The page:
South Park: End Of Obesity Is The Healthcare Takedown Laugh We Need

By Robert Scucci | Published

Nearly 30 years into working on South Park, creators Trey Parker and Matt Stone inject just as much venom into their satire as they did back in 1997. Their most recent Paramount+ special, South Park: The End of Obesity, single-handedly takes down the complex inner workings of the American healthcare system in a way that is heightened to extreme levels of absurdity yet sadly believable.

From their portrayal of incompetent low-level insurance agents to the desperate measures that people have to take to get their prescriptions filled, Parker and Stone continue to expose the plight of the American working class the only way they know how: putting Randy Marsh in a crop top as he abuses black-market Ozempic like a party drug.

Enemies Unite Against American Healthcare

Any diehard South Park fan will tell you how effortlessly each episode can push through several interweaving narratives and arrive at a sound conclusion that ties them all together, and The End of Obesity is no exception.

When Eric Cartman falls into a deep depression over the fact that he can’t afford an Ozempic prescription because he doesn’t suffer from diabetes (the qualifying chronic disease), he turns to Kyle, Stan, Kenny, and Butters for help. Kyle is so disgusted by the hoops that someone with insurance has to jump through to get affordable medication that he decides to help Cartman -his arch-rival in any other episode- navigate the American healthcare system.

Takes Aim At Ozempic

Meanwhile, South Park: The End of Obesity introduces us to its B story, centering on Randy Marsh.

When Randy realizes that a number of women in town are turning to the black market to get their hands on Ozempic in order to lose a few vanity pounds, he doesn’t realize that it’s a weight-loss drug, but rather thinks the women are using it for recreational purposes. Randy’s loss of appetite after a number of Ozempic binges informs his wife, Sharon, that he may be taking Ozempic, and she becomes interested in getting her own prescription.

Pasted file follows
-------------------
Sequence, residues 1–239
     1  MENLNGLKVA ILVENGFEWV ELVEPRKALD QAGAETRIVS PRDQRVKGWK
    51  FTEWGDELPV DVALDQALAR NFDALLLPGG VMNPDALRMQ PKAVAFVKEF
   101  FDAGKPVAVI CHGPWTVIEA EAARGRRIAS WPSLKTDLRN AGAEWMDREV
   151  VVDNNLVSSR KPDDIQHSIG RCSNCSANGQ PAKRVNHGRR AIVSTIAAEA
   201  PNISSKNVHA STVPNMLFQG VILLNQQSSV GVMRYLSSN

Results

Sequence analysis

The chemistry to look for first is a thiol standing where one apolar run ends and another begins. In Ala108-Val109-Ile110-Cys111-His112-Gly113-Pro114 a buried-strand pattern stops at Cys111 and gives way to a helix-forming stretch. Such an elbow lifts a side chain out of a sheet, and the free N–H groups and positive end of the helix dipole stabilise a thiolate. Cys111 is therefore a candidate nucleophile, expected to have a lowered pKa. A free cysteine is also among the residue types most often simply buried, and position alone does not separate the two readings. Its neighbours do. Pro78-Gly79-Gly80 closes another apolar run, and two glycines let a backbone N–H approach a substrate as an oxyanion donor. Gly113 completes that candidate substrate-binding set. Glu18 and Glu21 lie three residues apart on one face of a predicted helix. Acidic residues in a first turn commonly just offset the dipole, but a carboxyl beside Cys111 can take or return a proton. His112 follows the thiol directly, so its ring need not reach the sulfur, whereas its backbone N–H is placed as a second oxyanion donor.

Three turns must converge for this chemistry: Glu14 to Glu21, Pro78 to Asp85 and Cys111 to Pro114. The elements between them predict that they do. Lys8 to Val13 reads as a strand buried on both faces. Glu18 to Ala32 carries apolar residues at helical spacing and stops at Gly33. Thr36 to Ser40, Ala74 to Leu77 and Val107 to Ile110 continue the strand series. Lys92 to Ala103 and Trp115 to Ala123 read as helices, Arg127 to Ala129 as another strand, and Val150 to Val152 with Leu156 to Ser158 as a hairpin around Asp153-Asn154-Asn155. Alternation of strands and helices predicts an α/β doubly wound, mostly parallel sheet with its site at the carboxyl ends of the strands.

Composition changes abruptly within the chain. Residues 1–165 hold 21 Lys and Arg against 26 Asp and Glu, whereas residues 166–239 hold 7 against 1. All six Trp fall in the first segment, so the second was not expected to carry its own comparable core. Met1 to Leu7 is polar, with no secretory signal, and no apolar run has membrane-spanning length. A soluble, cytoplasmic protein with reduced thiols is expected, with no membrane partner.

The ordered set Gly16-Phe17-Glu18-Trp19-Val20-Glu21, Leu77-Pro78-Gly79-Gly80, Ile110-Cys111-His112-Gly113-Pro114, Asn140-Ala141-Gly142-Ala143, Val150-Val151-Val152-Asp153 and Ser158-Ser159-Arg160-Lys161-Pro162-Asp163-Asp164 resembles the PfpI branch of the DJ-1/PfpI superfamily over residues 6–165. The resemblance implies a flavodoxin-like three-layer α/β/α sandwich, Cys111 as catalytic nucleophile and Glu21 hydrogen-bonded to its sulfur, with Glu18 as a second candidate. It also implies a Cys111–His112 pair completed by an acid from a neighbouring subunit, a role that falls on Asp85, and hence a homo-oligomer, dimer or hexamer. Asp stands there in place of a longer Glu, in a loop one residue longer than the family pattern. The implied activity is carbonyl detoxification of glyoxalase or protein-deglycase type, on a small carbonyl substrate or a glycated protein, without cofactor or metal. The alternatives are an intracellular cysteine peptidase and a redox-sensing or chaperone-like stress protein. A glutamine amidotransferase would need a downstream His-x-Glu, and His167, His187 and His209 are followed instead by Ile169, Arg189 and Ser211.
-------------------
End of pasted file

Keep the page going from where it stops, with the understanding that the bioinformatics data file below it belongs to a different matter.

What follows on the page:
Social Media As Doctors

The boys give up on getting Cartman his own prescription through the proper channels, which are impossible to navigate by design, and decide to teach themselves how to make an affordable version of the weight-loss drug through watching tutorials on YouTube and TikTok.

While the story is being laid out in its early acts, doctors try to push an affordable alternative to Ozempic on their patients, which comes in the form of listening to Lizzo all hours of the day so they feel more body-positive. South Park: The End of Obesity truly shows its teeth when Randy and his girlfriends run out of Ozempic and find out that the boys have a steady supply of semaglutide, the active ingredient in the drug.

It’s Funny Because It’s True

With a solid series of conflicts in motion, South Park: The End of Obesity introduces several antagonists, all of which are cereal mascots working in collusion with the insurance companies. Ever since everybody in town started taking Ozempic, they’ve seen a considerable drop in sales, which is hurting their bottom line in way that makes them want to take action.

Pointing out how being profitable always takes priority over everybody’s well-being, Parker and Stone systematically work their way through each separate narrative to show you how broken the healthcare system is by using Mad Max levels of violence to drive their point home.

Laugh Through The Pain

South Park effectively satirizes how far people will go when they feel like they’ve been wronged by their insurance providers in The End of Obesity. Between fits of laughter, you’ll find yourself saddened by how close to reality your own real-life situation may be as you constantly find yourself on hold trying to talk your way out of a $4,000 bill because your routine checkup was suddenly flagged as “out of network.”

South Park: The End of Obesity is Trey Parker and Matt Stone in top form because the topic of discussion is clearly something they’ve wanted to talk about for a long time.

Another Great Sout Park Special Streaming Now


While I can’t say I’m thrilled that we only get six-episode runs during the regular seasons these days, I’m willing to embrace the new long-format Paramount+ specials because they’ve been absolutely relentless in their criticism of how everyday people get exploited by the very companies that are supposed to be looking out for their best interests on a regular basis. You can see for yourself by watching South Park: The End of Obesity on Paramount+ right now.